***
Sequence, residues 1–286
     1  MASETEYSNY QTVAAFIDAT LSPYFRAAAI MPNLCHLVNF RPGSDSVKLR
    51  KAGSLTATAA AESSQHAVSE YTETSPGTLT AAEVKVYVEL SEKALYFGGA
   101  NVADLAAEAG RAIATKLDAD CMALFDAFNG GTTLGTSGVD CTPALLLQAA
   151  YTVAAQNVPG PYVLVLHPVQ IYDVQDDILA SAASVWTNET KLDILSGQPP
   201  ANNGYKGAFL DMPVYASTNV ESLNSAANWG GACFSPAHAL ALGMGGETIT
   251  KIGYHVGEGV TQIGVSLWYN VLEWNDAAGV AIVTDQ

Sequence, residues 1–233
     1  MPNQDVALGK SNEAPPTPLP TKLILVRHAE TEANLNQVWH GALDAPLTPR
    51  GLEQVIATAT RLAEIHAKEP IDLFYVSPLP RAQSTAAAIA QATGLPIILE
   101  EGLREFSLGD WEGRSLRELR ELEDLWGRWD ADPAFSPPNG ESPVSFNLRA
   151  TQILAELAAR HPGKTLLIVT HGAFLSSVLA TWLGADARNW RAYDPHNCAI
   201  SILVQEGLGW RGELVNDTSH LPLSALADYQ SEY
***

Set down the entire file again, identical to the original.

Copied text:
Sequence, residues 1–286
     1  MASETEYSNY QTVAAFIDAT LSPYFRAAAI MPNLCHLVNF RPGSDSVKLR
    51  KAGSLTATAA AESSQHAVSE YTETSPGTLT AAEVKVYVEL SEKALYFGGA
   101  NVADLAAEAG RAIATKLDAD CMALFDAFNG GTTLGTSGVD CTPALLLQAA
   151  YTVAAQNVPG PYVLVLHPVQ IYDVQDDILA SAASVWTNET KLDILSGQPP
   201  ANNGYKGAFL DMPVYASTNV ESLNSAANWG GACFSPAHAL ALGMGGETIT
   251  KIGYHVGEGV TQIGVSLWYN VLEWNDAAGV AIVTDQ

Sequence, residues 1–233
     1  MPNQDVALGK SNEAPPTPLP TKLILVRHAE TEANLNQVWH GALDAPLTPR
    51  GLEQVIATAT RLAEIHAKEP IDLFYVSPLP RAQSTAAAIA QATGLPIILE
   101  EGLREFSLGD WEGRSLRELR ELEDLWGRWD ADPAFSPPNG ESPVSFNLRA
   151  TQILAELAAR HPGKTLLIVT HGAFLSSVLA TWLGADARNW RAYDPHNCAI
   201  SILVQEGLGW RGELVNDTSH LPLSALADYQ SEY